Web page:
In a world dominated by computer- animated films both full-length and short, hand-drawn animated movies are not only refreshing, they’re borderline novel. French director Rémi Chayé (who worked as an animator on 2009’s The Secret of Kells) proves this incontrovertibly with Long Way North, a film about a young Russian girl who abandons the aristocracy in search of her grandfather Oloukine, an explorer who disappeared some years back while looking for a serviceable route through the North Pole.
Sasha (Christa Théret) is your typical brash young character who ignores her father’s overbearing wishes, thinks nothing of insulting the heartless head of her government’s science ministry and who is much more in her element poring over charts and maps than attending fancy balls. This kind of storyline is obviously nothing we haven’t seen before (that’s not how young women are supposed to act!). But the sense that Sasha’s loss is so unbearable she’d leave behind a comfortable life surpasses the cut-and-paste nature of, oh say, Disney films, wherein characters are generally thrust into extraordinary circumstances rather than actively seeking them out. It’s a little bit uplifting but also relatable, whether the viewer is a young person who uses a sense of immortality to charge headlong into the unknown or someone with more experience who might chuckle to themselves knowing that sometimes the only way to actually learn is to make the mistakes.
This makes for something entirely more artistic than the usual animated fare, and different enough as to elicit an actual, palpable emotional response. The journey plays out on literal and figurative levels, and while Sasha’s growth is steady, what’s more important is that it is measureable. We observe organic change in how she carries herself. The fleshing out of her character is never rushed to the point it seems unbelievable, however. We just can’t help but root for her the whole way, even as she makes naïve mistakes in the earlier bits of the film that result in a month of manual labor in a small boarding house or as she navigates her way through the rough-and-tumble sailors of the ship she hires to help complete her task.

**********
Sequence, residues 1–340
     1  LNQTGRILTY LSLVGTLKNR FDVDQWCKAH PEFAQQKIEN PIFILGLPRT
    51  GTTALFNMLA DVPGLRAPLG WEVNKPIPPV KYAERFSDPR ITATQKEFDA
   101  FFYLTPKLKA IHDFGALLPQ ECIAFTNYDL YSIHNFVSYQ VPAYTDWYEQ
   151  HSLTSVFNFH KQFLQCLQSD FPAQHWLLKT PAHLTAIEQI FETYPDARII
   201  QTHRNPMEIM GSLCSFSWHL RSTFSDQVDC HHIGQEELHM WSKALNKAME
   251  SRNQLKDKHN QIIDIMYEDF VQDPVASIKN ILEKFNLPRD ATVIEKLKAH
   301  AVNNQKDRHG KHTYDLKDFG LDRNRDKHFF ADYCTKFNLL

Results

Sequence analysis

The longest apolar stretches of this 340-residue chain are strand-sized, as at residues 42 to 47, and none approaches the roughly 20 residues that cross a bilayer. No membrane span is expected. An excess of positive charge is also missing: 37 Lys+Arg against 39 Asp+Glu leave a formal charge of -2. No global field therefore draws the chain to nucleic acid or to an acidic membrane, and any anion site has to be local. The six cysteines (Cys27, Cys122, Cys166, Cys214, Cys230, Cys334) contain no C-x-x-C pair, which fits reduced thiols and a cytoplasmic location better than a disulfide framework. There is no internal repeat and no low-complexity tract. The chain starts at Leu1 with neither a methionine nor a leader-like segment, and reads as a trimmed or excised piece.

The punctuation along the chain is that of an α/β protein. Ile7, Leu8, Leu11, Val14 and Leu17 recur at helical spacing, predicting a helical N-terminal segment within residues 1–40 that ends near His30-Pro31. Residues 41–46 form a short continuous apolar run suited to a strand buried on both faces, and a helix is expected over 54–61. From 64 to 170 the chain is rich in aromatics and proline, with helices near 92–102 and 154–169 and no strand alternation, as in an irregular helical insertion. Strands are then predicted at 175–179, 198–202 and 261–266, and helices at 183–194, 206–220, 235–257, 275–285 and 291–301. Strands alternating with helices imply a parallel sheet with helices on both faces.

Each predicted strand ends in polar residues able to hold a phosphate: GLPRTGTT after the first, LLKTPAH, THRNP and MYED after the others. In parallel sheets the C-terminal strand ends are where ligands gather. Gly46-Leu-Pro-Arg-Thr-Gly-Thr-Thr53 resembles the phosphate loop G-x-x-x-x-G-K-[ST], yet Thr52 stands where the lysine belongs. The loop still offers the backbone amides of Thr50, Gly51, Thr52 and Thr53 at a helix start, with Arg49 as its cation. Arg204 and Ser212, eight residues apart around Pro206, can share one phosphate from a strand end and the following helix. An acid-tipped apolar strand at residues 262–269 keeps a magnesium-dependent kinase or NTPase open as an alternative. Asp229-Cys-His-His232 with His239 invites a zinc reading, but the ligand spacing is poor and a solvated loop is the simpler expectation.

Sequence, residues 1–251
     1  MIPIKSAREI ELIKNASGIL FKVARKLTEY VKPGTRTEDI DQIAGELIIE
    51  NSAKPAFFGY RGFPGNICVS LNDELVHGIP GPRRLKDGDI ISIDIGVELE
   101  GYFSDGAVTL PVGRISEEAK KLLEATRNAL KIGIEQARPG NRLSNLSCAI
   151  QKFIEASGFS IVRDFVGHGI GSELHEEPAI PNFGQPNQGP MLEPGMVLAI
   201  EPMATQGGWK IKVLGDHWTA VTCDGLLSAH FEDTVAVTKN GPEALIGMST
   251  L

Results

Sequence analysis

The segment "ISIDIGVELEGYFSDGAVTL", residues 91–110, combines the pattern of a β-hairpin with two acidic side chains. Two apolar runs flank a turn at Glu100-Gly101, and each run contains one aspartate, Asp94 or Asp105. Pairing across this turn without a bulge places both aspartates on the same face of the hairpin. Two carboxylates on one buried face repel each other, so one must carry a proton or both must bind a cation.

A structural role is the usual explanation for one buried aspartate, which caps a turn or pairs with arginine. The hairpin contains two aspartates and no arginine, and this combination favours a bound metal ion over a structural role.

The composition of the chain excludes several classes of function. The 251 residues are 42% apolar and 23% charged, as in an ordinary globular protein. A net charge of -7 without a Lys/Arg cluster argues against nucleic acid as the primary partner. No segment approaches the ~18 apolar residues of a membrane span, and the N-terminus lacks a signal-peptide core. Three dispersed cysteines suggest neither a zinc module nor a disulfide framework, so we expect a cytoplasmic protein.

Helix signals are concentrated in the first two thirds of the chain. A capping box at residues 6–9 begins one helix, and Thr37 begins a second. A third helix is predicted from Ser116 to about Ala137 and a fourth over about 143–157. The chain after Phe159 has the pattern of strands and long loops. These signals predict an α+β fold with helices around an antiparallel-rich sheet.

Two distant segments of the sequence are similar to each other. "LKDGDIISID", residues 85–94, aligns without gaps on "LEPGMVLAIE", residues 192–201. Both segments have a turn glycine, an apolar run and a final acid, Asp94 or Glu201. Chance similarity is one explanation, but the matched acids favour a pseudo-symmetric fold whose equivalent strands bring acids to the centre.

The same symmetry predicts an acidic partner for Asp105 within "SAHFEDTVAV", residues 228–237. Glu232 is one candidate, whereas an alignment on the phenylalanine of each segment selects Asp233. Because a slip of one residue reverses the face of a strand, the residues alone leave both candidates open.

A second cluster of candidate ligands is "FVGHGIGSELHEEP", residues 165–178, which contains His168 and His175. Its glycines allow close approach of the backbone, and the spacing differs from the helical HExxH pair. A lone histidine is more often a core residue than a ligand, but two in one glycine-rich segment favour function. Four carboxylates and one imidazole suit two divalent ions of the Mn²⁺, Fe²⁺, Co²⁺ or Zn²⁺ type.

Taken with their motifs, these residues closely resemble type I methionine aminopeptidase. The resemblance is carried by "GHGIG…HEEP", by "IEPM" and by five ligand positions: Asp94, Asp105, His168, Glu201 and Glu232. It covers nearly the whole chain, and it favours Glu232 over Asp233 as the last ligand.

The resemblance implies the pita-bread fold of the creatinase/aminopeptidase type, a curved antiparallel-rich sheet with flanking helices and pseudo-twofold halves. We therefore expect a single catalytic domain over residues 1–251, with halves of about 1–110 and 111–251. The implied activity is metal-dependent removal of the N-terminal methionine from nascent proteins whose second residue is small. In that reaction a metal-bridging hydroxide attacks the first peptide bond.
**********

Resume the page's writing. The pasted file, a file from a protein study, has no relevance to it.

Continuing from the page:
Through flashbacks we piece together that Sasha and her grandfather are kindred spirits, and without overtly shoving it in our faces, we get a sense that the missing Oloukine practically calls to her from somewhere in the icy expanses of the far north. This propels her ever further into both maturity and independence, and by the time we reach the climax, Sasha is almost an entirely different person. These are important lessons for young people, maybe even more so for young women who are so constantly bombarded with the idea that one day their prince will come and then they’ll never have to worry about making their own way in the world ever again.
Long Way North’s style is simple yet effective, and though the palette is of minimal, muted colors, the backdrops of locations such as St. Petersburg, a small coastal village or the white vastness of the Pole serve as recognizable place-setters and also to signify the various chapters of Sasha’s trip. The simplicity of the art direction never subtracts from the final product; if anything, it redirects our attention to the importance of character development or the various calamities our heroine manages to escape while creating a strong sense of place and momentum. Thus, we’re left with a lot to think about, which makes Long Way North a no-brainer for families, yes, but for all ages in between. It’s the kind of film that sticks with you long after it’s over and that celebrates the good things born of love and tenacity.
Long Way North
Directed by Rémi Chayé
Center for Contemporary Arts,